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Victorian message in a bottle found in Madingley pond



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A plant species recorded for the first time at a recently restored pond in Madingley had germinated inside a Victorian bottle.

Water crowfoot germinating in an old Victorian bottle in Madingley, Cambridge Picture: Jilly McNaughton (48957932)
Water crowfoot germinating in an old Victorian bottle in Madingley, Cambridge Picture: Jilly McNaughton (48957932)

Water crowfoot was spotted by Jilly McNaughton, of Farming and Wildlife Advisory Group (FWAG) East, when she visited the pond to carry out some checks.

The pond was restored by FWAG East and the University of Cambridge, as part of Natural England’s district level licencing scheme, which aims to deliver compensation habitat for endangered great crested newts.

Jilly said: “I was thrilled to find this little water plant had germinated in the greenhouse-like conditions in several old bottles on the bank.

“It was also flowering in the water. This species has not been recorded at the pond before.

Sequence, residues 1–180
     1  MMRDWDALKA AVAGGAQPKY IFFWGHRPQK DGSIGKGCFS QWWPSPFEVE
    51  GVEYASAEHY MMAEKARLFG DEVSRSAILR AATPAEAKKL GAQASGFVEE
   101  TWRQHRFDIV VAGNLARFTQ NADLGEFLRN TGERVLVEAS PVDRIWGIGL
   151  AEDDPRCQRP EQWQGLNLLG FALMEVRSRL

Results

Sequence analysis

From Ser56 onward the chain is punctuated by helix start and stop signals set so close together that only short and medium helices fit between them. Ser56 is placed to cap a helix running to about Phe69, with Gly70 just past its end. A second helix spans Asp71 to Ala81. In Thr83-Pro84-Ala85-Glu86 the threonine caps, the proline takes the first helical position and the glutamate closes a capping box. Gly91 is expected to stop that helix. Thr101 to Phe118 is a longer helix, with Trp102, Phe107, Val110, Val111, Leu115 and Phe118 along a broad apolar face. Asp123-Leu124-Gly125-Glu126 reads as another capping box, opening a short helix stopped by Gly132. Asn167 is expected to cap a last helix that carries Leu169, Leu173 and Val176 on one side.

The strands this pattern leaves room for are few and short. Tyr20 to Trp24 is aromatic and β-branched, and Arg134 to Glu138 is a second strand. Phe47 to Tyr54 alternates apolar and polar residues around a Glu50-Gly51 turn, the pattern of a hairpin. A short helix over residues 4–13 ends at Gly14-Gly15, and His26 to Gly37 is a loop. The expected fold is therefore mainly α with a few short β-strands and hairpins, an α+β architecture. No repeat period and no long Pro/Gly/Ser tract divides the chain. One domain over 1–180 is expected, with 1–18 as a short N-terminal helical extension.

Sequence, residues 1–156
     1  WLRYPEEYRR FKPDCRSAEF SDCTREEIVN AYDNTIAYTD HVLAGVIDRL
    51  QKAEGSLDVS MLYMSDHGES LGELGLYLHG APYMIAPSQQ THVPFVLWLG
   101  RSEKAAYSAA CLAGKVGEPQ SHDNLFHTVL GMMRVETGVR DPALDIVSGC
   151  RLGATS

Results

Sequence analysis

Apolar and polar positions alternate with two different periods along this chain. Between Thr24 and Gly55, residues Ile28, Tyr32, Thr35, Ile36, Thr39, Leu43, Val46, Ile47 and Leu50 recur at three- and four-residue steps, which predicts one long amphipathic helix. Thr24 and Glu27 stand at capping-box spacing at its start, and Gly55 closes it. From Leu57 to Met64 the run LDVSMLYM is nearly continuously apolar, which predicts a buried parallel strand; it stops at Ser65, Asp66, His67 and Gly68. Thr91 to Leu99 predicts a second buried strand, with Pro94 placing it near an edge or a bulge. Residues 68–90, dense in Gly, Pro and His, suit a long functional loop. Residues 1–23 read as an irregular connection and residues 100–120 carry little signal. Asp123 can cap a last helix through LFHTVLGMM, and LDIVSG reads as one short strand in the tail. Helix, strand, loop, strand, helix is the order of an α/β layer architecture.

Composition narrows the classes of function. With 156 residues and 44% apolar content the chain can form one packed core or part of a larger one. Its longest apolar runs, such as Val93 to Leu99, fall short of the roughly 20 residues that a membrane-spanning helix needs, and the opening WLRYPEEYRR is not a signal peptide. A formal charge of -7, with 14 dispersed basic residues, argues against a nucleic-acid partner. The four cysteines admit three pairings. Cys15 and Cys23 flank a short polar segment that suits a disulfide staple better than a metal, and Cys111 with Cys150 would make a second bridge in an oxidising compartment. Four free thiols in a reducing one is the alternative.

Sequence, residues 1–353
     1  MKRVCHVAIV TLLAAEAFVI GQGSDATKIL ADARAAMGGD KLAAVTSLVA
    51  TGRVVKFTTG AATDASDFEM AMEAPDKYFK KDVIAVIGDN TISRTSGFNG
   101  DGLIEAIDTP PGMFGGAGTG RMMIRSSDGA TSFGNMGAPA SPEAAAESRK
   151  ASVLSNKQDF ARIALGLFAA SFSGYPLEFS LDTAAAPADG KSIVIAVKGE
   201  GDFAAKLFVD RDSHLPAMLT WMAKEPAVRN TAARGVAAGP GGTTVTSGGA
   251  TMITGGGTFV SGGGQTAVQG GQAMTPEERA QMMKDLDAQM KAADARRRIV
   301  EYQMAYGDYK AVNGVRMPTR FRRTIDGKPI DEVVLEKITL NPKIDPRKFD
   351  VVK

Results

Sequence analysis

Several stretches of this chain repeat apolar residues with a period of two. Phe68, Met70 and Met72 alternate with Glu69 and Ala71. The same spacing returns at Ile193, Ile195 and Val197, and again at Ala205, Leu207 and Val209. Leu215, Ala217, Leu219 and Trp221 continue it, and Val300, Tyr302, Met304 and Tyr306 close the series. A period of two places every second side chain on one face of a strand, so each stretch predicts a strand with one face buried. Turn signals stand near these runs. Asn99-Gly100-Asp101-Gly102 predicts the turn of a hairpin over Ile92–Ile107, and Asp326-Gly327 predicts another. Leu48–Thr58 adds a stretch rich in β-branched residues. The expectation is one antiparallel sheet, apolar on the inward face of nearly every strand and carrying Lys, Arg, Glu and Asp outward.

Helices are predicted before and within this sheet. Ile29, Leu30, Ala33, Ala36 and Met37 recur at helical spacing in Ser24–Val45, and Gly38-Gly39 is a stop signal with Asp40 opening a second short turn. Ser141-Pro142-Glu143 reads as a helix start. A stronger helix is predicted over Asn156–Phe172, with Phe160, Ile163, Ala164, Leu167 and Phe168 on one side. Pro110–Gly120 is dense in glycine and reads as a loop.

“The bottles looked to be very old, so the ‘message in the bottle’ is that seeds can survive for a long time in the seed bank in the bottom of ponds!

“It also tells us that restoring closed-canopy ponds to let in the light can increase biodiversity and benefit numerous species.

“Great crested newts lay their eggs in plants like this, so it’s fab that it’s thriving here now.”

Water crowfoot blooming in the pond in Madingley, Cambridge Picture: Jilly McNaughton (48957924)
Water crowfoot blooming in the pond in Madingley, Cambridge Picture: Jilly McNaughton (48957924)

Common water crowfoot is the commonest species in a large group of water plants that can be seen covering ponds, ditches and streams with mats of white flowers in spring and summer.

Water crowfoot is a member of the buttercup family, with white five-petalled flowers that have a yellow centre.

It can form mats in ponds, ditches and streams during spring and summer.

If you would like to create or restore a wildlife pond in Cambridgeshire, funding may be available to do so.

Get in touch with FWAG East or the Wildlife Trust BCN to find out more. Email jilly.mcnaughton@fwageast.org.uk or martin.baker@wildlifebcn.org.

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